There are several limitations in our mate-analysis. First, an ideal meta-analysis should be based on individual-level data, especially in the analysis of OS and PFS, although it is usually quite difficult to obtain these data. The interpretation of our results in terms of OS and PFS should be cautious. Secondly, we did not analyze the interaction of both polymorphisms in predicting the clinical outcomes because of a lack of sufficient data. Thirdly, there were substantial between-study heterogeneities in the pooling analysis of rs25487, and thus more studies are needed in the future.

5. Conclusion

In conclusion, our meta-analysis suggested that two functional polymorphisms of XRCC1, rs25487 and rs1799782, can be used as prognostic factors for platinum-based chemotherapy in Asian patients with NSCLC.

Conflicts of Interest

The authors declare no conflicts of interest.

References

  1. A. Jemal, F. Bray, M. M. Center, J. Ferlay, E. Ward, and D. Forman, “Global cancer statistics,” CA: A Cancer Journal for Clinicians, vol. 61, no. 2, pp. 69–90, 2011. View at: Publisher Site | Google Scholar
  2. M. Santarpia, C. Rolfo, G. J. Peters, L. G. Leon, and E. Giovannetti, “On the pharmacogenetics of non-small cell lung cancer treatment,” Expert Opinion on Drug Metabolism & Toxicology, vol. 12, no. 3, pp. 307–317, 2016. View at: Publisher Site | Google Scholar
  3. T. Kanou, J. Okami, T. Tokunaga, D. Ishida, H. Kuno, and M. Higashiyama, “Prognostic factors in patients with postoperative brain recurrence from completely resected non-small cell lung cancer,” Thoracic Cancer, vol. 6, no. 1, pp. 38–42, 2015. View at: Publisher Site | Google Scholar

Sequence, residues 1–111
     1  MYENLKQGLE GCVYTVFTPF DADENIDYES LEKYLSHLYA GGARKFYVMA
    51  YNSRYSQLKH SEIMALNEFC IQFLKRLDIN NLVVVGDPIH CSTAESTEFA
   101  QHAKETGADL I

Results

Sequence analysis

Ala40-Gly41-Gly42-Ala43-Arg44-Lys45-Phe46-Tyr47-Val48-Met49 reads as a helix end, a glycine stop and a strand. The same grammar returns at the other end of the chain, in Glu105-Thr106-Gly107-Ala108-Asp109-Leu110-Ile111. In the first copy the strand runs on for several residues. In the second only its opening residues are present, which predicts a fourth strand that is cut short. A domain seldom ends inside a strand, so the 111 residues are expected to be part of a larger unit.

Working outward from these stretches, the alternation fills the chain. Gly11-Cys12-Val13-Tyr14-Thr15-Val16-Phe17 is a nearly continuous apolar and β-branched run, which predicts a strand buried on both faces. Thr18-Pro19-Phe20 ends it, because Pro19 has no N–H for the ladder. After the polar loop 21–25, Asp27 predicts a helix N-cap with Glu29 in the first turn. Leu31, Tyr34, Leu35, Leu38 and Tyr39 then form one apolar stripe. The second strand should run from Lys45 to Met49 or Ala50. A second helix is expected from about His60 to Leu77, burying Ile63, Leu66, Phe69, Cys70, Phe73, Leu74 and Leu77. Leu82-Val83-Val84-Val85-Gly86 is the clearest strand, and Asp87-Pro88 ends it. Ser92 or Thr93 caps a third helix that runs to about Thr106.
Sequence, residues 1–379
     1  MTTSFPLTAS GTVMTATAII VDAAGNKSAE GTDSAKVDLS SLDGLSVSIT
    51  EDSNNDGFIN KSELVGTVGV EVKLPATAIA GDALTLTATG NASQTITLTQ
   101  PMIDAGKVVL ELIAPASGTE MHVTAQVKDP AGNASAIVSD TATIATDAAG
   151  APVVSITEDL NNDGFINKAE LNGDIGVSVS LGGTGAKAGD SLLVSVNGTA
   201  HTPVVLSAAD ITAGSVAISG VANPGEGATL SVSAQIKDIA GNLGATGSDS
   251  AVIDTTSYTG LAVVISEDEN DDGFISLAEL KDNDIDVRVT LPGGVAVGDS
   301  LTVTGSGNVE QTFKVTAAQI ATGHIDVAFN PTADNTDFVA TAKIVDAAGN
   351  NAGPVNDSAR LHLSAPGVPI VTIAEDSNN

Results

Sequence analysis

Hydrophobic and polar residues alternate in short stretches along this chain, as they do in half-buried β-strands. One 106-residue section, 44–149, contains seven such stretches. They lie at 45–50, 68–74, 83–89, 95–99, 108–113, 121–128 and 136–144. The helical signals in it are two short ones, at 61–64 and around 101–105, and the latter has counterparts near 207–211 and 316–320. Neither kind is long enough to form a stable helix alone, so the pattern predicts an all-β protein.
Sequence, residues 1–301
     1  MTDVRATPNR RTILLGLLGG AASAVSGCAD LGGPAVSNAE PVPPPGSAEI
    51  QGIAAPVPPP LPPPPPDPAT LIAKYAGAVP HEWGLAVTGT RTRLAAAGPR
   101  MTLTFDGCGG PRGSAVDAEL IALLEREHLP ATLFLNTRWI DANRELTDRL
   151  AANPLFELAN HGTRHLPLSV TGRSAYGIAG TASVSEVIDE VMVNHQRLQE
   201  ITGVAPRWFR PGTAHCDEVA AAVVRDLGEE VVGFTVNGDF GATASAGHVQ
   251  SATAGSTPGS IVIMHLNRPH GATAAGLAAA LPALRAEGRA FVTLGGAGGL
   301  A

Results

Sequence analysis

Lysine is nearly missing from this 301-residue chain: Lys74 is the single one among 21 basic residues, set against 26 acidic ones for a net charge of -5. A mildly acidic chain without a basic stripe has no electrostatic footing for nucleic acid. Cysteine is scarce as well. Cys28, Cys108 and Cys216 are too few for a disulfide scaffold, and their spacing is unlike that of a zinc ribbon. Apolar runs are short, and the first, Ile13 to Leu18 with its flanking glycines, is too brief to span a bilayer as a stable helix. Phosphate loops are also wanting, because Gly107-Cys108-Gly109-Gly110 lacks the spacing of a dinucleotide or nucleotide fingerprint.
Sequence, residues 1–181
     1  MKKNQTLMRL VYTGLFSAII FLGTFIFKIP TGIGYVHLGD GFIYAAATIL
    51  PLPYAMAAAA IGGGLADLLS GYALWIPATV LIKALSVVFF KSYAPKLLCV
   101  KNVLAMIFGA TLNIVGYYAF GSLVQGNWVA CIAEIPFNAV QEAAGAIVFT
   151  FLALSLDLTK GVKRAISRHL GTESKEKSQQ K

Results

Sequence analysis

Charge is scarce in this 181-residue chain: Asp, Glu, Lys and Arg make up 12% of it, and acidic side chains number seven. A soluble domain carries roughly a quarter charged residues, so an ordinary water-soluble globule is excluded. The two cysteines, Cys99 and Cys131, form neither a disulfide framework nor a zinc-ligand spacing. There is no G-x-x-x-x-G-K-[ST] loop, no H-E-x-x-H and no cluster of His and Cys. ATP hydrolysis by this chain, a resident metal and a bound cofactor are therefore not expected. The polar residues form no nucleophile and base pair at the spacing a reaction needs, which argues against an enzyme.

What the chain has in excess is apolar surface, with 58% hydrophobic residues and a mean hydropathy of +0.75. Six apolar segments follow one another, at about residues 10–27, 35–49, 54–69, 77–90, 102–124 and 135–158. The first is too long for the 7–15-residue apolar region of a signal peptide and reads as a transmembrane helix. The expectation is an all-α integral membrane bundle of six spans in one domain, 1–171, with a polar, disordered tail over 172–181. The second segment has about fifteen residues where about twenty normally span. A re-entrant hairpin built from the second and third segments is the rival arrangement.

4. M. A. Socinski, R. Crowell, T. E. Hensing et al., “Treatment of non-small cell lung cancer, stage IV,” Chest, vol. 132, no. 3, pp. 277S–289S, 2007. View at: Publisher Site | Google Scholar
  5. D. G. Pfister, D. H. Johnson, C. G. Azzoli et al., “American Society of Clinical Oncology treatment of unresectable non-small-cell lung cancer guideline: update 2003,” Journal of Clinical Oncology, vol. 22, no. 2, pp. 330–353, 2004. View at: Publisher Site | Google Scholar
  6. A. Ardizzoni, L. Boni, M. Tiseo et al., “Cisplatin- versus carboplatin-based chemotherapy in first-line treatment of advanced non-small-cell lung cancer: an individual patient data meta-analysis,” Journal of the National Cancer Institute, vol. 99, no. 11, pp. 847–857, 2007. View at: Publisher Site | Google Scholar
  7. D. S. Ettinger, D. E. Wood, W. Akerley et al., “NCCN guidelines insights: non-small cell lung cancer, version 4.2016,” Journal of the National Comprehensive Cancer Network, vol. 14, no. 3, pp. 255–264, 2016. View at: Publisher Site | Google Scholar
  8. P. Jordan and M. Carmo-Fonseca, “Molecular mechanisms involved in cisplatin cytotoxicity,” Cellular and Molecular Life Sciences, vol. 57, no. 8, pp. 1229–1235, 2000. View at: Publisher Site | Google Scholar